On Thursday, the European Bank for Reconstruction and Development (EBRD), the OPEC Fund for International Development (the OPEC Fund), the African Development Bank (AfDB), the Green Climate Fund (GCF) and Arab Bank signed a US$114 million financing package with ACWA Power for the construction of the largest private solar plant in Egypt.
According to an EBRD press release, the new plant, Kom Ombo, will add 200 MW of energy capacity, serving 130,000 households and further increasing the share of renewable energy in Egypt.
The five signatories will provide funding for the project, which will be located approximately 20 kilometers from African’s largest solar park, the Benban complex.
ACWA power, the company responsible for Benban, won the Egyptian government’s tender to construct and operate the plant. Kom Ombo will be the company’s fourth project in Egypt.
EBRD President Odile Renaud Basso said: “We are very happy to team up again with ACWA Power in Egypt, after our successful partnership in Benban, to promote renewable energy in Egypt. Increasing the production of clean energy is an important step to reducing carbon emissions and addressing climate change. This is in line with the EBRD’s strategy to become a majority green bank by 2025. This project also marks the EBRD’s first co-financing project with the AfDB and the OPEC Fund in Egypt and we look forward to future joint investment opportunities for our institutions across Africa.”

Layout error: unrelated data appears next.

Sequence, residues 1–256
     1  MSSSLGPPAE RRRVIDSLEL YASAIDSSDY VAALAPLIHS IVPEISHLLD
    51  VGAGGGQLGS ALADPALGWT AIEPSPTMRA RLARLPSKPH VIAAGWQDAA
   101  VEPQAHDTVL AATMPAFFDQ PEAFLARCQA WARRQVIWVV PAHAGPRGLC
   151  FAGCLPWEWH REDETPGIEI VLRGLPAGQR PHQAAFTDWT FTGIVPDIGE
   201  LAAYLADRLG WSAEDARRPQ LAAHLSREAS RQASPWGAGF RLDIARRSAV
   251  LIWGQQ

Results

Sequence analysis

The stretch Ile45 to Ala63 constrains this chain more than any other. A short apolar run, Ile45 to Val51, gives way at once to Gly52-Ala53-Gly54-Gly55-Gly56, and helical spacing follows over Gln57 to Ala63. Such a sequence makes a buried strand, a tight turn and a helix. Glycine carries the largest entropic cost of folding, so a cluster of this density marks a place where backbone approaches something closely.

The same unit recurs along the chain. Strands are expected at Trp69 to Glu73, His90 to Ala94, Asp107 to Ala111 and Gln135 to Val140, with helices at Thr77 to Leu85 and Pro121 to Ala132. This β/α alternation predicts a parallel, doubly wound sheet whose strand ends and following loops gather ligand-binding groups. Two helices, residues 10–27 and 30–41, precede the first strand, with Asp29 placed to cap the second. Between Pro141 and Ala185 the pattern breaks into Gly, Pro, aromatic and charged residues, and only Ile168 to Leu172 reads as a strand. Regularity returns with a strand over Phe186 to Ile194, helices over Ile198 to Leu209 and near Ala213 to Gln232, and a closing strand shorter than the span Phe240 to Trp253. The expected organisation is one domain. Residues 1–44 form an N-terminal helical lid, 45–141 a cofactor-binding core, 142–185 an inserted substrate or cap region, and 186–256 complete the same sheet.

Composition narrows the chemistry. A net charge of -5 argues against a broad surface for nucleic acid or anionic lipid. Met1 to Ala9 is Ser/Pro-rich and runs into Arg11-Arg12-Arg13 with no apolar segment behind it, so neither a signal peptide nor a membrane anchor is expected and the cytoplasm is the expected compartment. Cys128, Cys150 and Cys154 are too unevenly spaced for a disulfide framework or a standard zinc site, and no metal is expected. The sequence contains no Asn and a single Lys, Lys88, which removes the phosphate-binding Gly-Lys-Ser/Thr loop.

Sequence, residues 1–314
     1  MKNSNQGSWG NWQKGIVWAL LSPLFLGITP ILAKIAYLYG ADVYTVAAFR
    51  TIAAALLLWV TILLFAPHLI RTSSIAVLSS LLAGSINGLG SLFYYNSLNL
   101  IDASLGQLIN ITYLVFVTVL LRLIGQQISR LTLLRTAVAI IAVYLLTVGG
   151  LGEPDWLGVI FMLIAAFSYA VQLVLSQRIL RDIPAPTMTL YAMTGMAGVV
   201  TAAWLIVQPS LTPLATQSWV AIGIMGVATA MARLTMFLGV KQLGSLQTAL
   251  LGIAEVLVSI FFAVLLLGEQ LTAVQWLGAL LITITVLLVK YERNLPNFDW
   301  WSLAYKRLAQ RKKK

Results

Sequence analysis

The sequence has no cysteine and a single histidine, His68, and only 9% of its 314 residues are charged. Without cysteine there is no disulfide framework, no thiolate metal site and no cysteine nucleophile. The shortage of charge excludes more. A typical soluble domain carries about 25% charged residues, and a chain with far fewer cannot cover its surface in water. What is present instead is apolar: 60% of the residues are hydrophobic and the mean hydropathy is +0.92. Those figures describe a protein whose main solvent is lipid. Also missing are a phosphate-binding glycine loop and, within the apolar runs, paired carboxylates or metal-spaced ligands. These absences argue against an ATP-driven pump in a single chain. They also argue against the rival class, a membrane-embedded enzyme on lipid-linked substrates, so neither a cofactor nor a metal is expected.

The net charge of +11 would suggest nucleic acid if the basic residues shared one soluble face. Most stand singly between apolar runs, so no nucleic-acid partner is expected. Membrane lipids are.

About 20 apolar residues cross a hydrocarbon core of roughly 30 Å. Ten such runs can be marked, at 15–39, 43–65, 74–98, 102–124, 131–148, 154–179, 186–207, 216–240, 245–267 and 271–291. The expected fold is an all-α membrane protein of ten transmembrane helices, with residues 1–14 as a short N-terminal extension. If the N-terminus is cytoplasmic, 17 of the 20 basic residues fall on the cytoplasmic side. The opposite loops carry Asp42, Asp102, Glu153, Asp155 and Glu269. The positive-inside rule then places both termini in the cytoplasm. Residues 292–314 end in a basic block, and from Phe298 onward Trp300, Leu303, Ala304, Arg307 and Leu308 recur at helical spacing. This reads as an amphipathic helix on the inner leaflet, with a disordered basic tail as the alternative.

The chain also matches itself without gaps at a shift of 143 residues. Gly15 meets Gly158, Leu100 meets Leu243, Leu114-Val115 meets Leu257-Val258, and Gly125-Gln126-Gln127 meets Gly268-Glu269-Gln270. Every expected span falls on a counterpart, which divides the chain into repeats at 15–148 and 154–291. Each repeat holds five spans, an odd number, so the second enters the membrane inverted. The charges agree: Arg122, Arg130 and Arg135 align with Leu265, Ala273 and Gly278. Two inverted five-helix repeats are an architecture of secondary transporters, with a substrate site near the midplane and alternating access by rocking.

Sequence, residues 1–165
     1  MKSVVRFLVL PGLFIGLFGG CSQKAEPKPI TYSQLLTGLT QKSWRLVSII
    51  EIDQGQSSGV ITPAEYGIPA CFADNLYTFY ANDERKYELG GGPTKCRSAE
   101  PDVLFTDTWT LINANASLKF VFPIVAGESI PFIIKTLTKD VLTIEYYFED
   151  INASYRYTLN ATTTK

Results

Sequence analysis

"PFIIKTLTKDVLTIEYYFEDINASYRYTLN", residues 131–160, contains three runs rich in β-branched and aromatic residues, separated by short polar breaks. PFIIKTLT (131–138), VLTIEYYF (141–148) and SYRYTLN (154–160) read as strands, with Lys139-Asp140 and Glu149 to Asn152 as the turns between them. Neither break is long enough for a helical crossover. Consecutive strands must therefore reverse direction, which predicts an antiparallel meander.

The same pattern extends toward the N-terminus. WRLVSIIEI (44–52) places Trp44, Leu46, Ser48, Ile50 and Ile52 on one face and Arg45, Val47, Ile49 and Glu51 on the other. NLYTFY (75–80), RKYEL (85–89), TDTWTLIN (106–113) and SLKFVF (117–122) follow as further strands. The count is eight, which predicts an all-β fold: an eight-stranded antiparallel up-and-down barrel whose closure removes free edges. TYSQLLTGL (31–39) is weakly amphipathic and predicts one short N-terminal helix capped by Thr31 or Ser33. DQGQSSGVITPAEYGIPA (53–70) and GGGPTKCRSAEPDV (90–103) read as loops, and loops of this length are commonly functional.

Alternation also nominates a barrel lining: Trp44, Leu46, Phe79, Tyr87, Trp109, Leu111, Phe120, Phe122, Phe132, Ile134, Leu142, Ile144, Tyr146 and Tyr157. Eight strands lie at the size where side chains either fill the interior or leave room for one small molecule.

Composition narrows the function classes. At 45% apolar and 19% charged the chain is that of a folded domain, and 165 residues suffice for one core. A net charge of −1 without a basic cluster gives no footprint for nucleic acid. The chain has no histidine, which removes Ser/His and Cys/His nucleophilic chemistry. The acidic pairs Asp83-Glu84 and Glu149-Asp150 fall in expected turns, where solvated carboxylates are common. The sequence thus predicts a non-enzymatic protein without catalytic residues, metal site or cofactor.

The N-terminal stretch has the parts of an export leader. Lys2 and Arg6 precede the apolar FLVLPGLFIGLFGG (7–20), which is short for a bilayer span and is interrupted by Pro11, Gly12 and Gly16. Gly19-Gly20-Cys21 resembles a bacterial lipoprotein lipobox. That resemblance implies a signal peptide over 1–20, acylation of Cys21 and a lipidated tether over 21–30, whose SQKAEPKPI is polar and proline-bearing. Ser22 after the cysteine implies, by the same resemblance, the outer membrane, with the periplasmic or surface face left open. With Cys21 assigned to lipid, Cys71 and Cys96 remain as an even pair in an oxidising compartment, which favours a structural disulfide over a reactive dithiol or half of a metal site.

OPEC Fund Director-General Abdulhamid Alkhalifa said: “We are pleased to contribute to Egypt’s efforts and strategy to expand its generation capacity in the renewable energy space. We have been at the forefront of advocating for access to affordable clean energy for many years. Kom Ombo will be our third project with ACWA Power and it exemplifies great cooperation between government, development finance and private-sector actors.”
“The Kom Ombo solar project is a truly remarkable transaction. It not only clearly demonstrates the indisputable competitiveness of solar PV vis-à-vis conventional sources of generation, but it also contributes directly to the realisation of Egypt’s ambitious renewable energy targets, in addition to being an excellent example of what stakeholders driven by a shared objective can achieve,” said AfDB Vice President of Power, Energy, Climate Change and Green Growth Kevin Kariuki.
Yannick Glemarec, Executive Director of the Green Climate Fund, said: “The GCF looks forward to continuing to support the government of Egypt in delivering on its ambitious climate targets through innovative partnerships with the private sector.”
The Kom Ombo plant will contribute to the Egyptian government’s target to generate 42 per cent of the country’s electricity from renewable energy sources by 2035 while delivering one of the lowest generation tariffs on the continent.